3 myths about the new passport

As social media goes up in arms about the 'new' British blue passport, here are three myths that need dispelling:

The EU doesn't mandate passport colours

This might come as a shock to some, but we could have had blue the entire time. However, the EU does 'recommend' burgundy red as well as the overall design style, and has done since 1981. Indeed, Croatia has a 'navy' passport - though is the only EU state to not have adopted the burgundy. The reason behind the Croatians colour is that they broke away from 'red' Communist Yugoslavia, and successive government's have preferred to steer clear of connotations to Communism.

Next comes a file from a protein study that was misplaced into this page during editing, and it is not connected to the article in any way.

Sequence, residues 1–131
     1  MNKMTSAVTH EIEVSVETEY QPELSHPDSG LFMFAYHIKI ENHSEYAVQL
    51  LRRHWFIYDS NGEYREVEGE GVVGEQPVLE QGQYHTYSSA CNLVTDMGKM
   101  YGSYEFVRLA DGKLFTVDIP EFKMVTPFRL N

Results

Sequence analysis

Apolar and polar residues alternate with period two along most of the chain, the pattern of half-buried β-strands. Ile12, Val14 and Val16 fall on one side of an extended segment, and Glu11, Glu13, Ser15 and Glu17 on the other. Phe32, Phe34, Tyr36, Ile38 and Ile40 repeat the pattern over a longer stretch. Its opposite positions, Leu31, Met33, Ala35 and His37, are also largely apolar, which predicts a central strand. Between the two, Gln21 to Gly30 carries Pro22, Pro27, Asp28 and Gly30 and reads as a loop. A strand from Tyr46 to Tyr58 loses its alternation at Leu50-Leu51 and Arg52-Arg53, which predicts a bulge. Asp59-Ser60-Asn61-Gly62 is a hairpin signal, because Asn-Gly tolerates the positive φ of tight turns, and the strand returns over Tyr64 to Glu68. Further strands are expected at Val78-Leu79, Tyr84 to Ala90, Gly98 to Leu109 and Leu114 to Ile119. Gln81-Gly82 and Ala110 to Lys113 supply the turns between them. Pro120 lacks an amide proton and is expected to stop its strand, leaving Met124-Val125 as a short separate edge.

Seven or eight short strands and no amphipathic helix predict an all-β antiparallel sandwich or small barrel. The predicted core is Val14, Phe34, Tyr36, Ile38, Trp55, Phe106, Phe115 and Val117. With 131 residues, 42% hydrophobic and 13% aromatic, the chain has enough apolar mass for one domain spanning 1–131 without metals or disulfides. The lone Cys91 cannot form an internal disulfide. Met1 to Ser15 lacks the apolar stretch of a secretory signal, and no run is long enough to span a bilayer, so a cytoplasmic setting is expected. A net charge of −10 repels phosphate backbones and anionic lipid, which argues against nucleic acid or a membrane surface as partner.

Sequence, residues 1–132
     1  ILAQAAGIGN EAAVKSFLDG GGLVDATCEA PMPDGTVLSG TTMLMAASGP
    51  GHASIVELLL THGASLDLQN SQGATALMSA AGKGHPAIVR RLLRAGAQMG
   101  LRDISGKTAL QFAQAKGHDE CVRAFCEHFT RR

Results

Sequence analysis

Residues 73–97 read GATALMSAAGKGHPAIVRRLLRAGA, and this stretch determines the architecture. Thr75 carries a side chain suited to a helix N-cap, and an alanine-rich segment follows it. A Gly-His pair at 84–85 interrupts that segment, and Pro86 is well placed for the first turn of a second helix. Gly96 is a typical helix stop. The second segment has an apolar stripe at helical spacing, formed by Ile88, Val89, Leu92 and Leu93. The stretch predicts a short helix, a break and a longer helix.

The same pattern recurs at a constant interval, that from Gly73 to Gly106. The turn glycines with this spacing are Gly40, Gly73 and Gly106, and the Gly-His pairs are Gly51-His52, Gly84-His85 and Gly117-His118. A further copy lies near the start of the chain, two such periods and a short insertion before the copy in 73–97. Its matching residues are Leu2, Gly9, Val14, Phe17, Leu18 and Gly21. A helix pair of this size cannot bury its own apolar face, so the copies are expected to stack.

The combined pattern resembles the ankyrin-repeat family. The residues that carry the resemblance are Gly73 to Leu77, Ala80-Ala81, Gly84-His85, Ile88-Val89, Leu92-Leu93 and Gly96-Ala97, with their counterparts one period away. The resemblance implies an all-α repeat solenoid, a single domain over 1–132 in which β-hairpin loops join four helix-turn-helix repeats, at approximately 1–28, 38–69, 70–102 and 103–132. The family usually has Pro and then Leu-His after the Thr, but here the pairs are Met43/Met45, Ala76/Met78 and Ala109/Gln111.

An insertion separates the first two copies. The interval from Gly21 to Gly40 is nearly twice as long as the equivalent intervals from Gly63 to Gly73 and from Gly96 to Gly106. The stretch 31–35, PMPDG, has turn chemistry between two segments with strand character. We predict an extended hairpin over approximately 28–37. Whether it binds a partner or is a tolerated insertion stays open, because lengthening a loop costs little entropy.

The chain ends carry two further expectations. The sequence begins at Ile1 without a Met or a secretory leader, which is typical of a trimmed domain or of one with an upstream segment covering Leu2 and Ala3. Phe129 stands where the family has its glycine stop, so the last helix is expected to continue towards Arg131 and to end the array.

We aren't paying '£500 million' for blue passports

Technically, the cost is a big fat zero. Her Majesty's Passport Office is largely funded by 'user fees' - ie; pay money and receive a passport in return. Your contribution doesn't go into a pool of money that can then be recirculated and spent elsewhere. Further, the cited '£500 million' isn't for the redesign, but is stipulated for printing an estimated 60 million passports over the next ten years. 

The timing has nothing to do with Brexit.

Britain, and other EU states, redesign passports around every five years anyway. The actual timing of this redesign, therefore, has absolutely nothing to do with Brexit (though the change of colour is obviously symbolic.) Prinitng company De La Rue have had a private tender to produce UK passports for 10 years - and this is now up for renewal.